LONDON TO EXPORT ITS WASTE TO SOUTH-EAST
GREEN EURO-MP CONDEMNS SOUTH-EAST RUBBISH PLAN
GREEN Party Euro-MP Caroline Lucas has condemned plans for councils in the
South East to accommodate some 1.25 million tonnes of waste from London
every year until 2025.
Under the arrangement, which is included in the draft South East Plan, a
regional planning blueprint for the next 20 years, councils across the
region will be forced to take waste from London – without receiving a penny
The lion’s share of the waste – a total of 4.4 million tonnes each – will be
landfilled in Oxfordshire and Buckinghamshire. Kent (including the Medway
Towns area) has been asked to landfill 3.2 million tonnes, whilst Milton
Keynes alone has been asked to accommodate 2.7 million tonnes. Unitary
authorities formerly in the administrative county of Berkshire will have to
take a total of 2.2 million tonnes – as will each of Surrey, East Sussex and
Dr Lucas said: “This is absolute madness – the South-East hasn’t got the
facilities to deal with its own waste – let alone London’s.
“We must adopt a zero-waste strategy – as has been done successfully in
parts of Australia and Canada – by improving re-use, composting and
recycling and cutting packaging.
“Landfill sites are increasingly scarce, expensive and toxic. Incinerators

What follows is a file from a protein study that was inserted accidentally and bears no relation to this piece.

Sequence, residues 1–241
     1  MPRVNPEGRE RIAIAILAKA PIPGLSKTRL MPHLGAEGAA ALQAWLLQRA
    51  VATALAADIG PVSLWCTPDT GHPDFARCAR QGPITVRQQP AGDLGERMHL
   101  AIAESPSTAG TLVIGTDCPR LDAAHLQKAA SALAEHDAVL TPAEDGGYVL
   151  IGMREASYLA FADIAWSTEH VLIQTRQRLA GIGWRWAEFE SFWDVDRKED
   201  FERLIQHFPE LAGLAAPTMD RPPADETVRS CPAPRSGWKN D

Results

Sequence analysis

discourage recycling (as they constantly need to be fed), consume millions
of gallons of increasingly scarce water and produce highly toxic discharges.
“The only way we can avoid drowning in a sea of waste is if Government takes
steps to stop us producing so much of it.”
The ‘waste importation apportionments’ are described in the South-East Plan,
a far-ranging document which will guide planning decisions on where to build
housing, shops, offices and factories in the region over the next two
decades. It contains proposals for 578,000 new homes to be constructed over
the next 20 years, many on open and protected or environmentally-vulnerable
sites. The Green Party has responded to the public consultation over the
plan, and Caroline has objected to the proposals, calling instead for an
increase in the provision of social housing through an effective strategy
for bringing empty homes back into use, more mixed-use developments with a
higher proportion of affordable housing, and a re-assessment of the region's
targets for economic growth.
The South-East plan is open for consultation until 23 June 2006 – after
which it will be adopted by Government and effectively become binding on all
local authority planning decisions.